The companions have to feel like humans for the game’s premise to work. They have to, instinctually, love petting a little cat. They have to be vulnerable to the shenanigans of a cat in the same way that humans are—prone to falling or dropping things in your chaotic presence. To interact with your player character in ways that make your brain soft and warm, the companions have to be variations on the theme of “human.” Cats are domesticated animals, after all. Over thousands of years of breeding, they have become inextricably tied to us. This makes Stray very soothing, but deeply limits its imagination.

At one point in the early game, you stumble upon evidence of truly post-human life. It is alien and disgusting, and the game’s camera is terrified of it. In the sewers which connect the slums and midtown, there is something like a living web. Flesh stretches between the buildings above, but here in the sewers it coats the walls. The floor squelches as you step on meat, unprotected by skin. At one point, B-12 wonders if it could all be a single organism—a body the size of a city. The walls have eyes and they hate you.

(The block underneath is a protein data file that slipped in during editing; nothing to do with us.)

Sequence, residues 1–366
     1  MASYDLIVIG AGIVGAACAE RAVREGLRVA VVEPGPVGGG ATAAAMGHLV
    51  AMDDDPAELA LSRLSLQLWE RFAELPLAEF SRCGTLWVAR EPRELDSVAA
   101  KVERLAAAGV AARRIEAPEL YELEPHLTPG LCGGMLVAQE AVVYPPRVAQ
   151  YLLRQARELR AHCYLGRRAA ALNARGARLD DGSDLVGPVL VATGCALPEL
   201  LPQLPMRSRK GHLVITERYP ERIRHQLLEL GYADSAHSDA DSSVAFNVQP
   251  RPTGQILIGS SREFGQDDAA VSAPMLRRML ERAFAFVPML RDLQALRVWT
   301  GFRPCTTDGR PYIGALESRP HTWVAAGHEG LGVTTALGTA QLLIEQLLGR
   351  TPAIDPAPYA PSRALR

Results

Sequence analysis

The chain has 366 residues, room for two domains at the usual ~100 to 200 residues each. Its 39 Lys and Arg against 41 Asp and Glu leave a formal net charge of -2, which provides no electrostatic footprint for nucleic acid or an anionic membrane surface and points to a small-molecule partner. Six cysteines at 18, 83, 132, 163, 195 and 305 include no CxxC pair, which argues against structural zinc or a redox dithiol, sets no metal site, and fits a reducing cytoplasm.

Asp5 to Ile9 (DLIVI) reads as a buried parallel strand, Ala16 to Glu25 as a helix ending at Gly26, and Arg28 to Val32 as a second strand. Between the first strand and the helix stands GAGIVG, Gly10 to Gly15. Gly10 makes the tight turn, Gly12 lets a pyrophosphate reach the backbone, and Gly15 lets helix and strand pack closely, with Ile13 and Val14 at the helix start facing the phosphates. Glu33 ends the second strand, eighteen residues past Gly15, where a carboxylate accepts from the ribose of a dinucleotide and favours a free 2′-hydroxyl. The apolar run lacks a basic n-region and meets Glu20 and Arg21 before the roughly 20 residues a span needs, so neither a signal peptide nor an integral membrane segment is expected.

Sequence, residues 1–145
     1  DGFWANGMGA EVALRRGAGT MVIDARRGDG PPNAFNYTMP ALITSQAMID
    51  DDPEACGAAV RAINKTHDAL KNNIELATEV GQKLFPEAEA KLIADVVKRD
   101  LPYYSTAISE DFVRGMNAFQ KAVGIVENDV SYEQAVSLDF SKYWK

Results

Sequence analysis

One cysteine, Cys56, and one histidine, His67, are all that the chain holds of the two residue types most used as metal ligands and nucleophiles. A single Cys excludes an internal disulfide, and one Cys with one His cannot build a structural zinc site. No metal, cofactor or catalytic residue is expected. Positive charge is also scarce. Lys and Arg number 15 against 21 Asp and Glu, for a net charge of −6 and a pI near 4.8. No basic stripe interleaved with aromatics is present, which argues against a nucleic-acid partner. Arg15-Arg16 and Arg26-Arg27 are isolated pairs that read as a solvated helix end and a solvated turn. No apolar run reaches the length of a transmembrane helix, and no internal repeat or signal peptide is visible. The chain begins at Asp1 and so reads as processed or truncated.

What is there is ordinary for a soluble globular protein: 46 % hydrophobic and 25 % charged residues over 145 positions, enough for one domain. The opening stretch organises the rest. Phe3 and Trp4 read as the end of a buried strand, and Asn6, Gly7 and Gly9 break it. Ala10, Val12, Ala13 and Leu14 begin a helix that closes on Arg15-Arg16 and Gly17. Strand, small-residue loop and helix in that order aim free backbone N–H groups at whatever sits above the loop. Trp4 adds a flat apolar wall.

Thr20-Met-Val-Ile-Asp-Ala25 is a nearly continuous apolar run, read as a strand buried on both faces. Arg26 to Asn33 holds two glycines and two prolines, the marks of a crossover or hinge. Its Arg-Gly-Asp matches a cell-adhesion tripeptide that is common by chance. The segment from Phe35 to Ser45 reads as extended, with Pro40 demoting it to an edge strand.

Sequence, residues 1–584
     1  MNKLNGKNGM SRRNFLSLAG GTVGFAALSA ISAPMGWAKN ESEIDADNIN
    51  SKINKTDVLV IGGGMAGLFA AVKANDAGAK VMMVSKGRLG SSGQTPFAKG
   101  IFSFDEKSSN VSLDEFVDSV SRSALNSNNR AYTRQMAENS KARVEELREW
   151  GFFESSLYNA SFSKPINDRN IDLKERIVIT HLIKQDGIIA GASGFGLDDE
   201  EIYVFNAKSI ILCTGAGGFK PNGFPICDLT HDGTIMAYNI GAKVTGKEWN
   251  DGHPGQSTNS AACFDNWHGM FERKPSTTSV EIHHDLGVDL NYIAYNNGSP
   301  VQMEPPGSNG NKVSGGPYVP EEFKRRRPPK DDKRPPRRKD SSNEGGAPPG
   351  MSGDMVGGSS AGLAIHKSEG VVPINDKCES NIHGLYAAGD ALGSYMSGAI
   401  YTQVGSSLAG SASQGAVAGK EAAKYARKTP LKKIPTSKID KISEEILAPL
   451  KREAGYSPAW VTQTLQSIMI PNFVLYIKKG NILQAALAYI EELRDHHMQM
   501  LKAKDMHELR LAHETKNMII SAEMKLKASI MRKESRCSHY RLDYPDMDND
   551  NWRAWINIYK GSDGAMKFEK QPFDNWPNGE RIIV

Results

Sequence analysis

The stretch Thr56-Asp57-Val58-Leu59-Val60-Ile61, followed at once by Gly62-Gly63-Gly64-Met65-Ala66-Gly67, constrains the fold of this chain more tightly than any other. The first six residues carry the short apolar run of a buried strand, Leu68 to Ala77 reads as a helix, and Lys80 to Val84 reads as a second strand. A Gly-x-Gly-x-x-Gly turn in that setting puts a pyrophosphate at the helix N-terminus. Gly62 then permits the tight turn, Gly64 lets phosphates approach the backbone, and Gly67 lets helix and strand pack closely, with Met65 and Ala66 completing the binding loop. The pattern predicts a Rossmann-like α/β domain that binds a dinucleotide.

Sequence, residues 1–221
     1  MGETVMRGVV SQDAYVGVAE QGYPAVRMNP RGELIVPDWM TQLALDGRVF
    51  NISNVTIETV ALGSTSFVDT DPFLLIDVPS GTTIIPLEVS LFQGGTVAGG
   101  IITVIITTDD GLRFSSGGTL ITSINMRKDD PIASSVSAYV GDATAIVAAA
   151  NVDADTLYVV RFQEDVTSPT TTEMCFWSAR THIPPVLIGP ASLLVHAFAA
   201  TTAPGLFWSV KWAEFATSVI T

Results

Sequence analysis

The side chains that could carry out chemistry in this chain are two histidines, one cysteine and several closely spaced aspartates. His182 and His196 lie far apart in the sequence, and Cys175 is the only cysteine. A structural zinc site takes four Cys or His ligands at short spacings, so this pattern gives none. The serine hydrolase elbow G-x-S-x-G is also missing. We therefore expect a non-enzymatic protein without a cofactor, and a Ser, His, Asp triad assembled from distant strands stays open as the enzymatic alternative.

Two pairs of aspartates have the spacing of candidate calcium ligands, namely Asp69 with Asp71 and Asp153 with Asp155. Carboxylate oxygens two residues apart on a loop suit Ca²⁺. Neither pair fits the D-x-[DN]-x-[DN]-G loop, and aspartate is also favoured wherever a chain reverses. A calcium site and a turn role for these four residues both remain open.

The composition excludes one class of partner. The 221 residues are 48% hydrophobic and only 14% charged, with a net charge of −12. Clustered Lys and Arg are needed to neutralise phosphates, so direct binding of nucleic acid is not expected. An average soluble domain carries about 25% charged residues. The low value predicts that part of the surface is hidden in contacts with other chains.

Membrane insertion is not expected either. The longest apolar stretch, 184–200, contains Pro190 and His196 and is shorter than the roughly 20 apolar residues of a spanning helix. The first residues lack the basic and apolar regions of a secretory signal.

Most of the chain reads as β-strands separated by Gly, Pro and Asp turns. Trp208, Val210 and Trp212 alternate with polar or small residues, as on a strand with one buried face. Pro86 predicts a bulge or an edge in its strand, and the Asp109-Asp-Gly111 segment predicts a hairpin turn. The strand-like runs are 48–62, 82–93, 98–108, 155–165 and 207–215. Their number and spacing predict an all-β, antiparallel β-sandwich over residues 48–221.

This creature is, undoubtedly, the result of human’s creating zurks in the first place. They live inside the thing, perhaps they made it. This terrible, hungry thing is a primary part of our legacy. I wish it did not feel so judged. When Stray takes the time to imagine a truly alien, truly post–human life, it cannot help but imagine it as evil.

Eventually, the city opens and you see the little cat who you have spent this game inhabiting walk up the ivy-laden stairs, and back to the post-human world from which it came. We cannot follow it there; Stray's inability to abandon a human-centric frame is evidence of that. I hope the companions do, though, and that when they build cities (I hope they do not build cities), they do not look like ours.